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Doctors' Notes

Is Your Thyroid Affecting Your Mood?

Our resident physician experts share their advice on dealing with thyroid disease.
Credit: Thinkstock

Welcome to Doctors’ Notes, our newest contribution from Urban Health correspondents and husband and wife physicians Dr. Rob and Dr. Karla Robinson.  The dynamic duo will be fielding questions about health, as it relates to African Americans.  Please feel free to send them questions via digitalpitches@ebony.comWe promise to keep it anonymous. 

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Question: After two years of battling a mood disorder with no real improvement, I was finally diagnosed with an underactive thyroid.  I have now been on medication for the last six months.  My mood shifted almost immediately!  Is there a connection between the thyroid and the mood?  Could my depression have been caused by my thyroid all along?

An estimated 40 million people suffer from anxiety disorders and an additional 20 million people have symptoms of depression in this country.  However, what many don’t realize is that anxiety and depression just may be signs of an underlying thyroid disorder.  Thyroid disease is a category of illnesses that are typically characterized by the thyroid gland being either overactive or underactive.   Anxiety can be a common symptom of hyperthyroidism or an overactive thyroid, while depression is more typically associated with hypothyroidism or an underactive thyroid gland.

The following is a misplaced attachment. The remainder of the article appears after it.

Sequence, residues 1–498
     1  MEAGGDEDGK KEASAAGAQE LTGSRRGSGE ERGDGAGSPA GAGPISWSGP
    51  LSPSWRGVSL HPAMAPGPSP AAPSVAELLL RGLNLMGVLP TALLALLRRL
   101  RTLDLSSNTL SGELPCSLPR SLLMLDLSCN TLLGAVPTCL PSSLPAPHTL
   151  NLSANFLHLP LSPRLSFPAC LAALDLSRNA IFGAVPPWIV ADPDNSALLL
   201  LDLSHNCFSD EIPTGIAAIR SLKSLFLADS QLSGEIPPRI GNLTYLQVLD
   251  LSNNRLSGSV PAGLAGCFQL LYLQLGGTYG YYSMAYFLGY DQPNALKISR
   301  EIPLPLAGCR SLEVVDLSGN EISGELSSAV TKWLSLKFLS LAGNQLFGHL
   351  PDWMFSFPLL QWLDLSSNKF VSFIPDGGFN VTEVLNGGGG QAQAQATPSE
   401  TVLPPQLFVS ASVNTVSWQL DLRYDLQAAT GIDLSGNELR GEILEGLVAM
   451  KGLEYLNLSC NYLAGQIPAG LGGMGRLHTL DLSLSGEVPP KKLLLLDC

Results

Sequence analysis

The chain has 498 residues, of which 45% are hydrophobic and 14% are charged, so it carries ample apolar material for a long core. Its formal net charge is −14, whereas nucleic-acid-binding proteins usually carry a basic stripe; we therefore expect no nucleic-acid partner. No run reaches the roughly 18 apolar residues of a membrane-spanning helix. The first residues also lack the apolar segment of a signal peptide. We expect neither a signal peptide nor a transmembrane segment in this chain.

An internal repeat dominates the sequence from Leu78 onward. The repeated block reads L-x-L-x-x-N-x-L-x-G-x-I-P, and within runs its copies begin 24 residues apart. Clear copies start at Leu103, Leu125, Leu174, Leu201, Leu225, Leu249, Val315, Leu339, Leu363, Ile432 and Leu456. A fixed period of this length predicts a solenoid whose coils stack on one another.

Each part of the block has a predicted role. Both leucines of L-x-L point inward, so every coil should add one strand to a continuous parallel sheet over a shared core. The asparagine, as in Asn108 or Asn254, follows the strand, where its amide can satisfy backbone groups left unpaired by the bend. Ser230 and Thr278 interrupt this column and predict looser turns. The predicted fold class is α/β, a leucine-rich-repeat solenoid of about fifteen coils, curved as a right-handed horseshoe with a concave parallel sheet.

The thyroid gland is a small, two-lobed, butterfly shaped gland that can be found in the front midline position of the neck.  The job of the thyroid gland is to produce hormones that regulate the body’s metabolism.  These hormones are then useful in determining how the body uses and stores its energy.  Therefore, it’s not hard to see the connection with the regulation of our mood.  If these hormones are overproduced, our energy can be too high, leading to anxiety.  On the flip side, if these hormones aren’t produced enough, our mood can be deflated leading to the symptoms of depression. 

Mood changes are usually not the only warning signs of thyroid dysfunction.  Some common symptoms of hyperthyroidism include high anxiety, insomnia or difficulty sleeping, tremors or shakiness, heat intolerance, increased sweating, increased and/or irregular heart rate, unexplained weight loss, and menstrual irregularity.  In addition to depression, symptoms of an underactive thyroid can include fatigue, constipation, dryness of the hair, skin, and nails, unexplained weight gain, and an increased sensitivity to cold temperatures.  With all of the body systems associated with the thyroid gland, it’s important to have a healthy one.  It should be checked at least once a year to ensure that it is functioning properly.

The good news is that once detected, thyroid disorders can be treated restoring the mood and other symptoms back to normal.  Detection of thyroid disease typically requires a simple blood test. Treatments do vary depending on the cause and severity of the thyroid dysfunction as well as other factors like age and medical history.  However, it is very possible to live a full and normal life once it has been detected and treated.  

In fact, many celebrities have also battled varying forms of thyroid disease and have gone on to overcome the challenge.  Find out which of your favorite celebrities have risen to the top of their game in spite of their thyroid disorders: 

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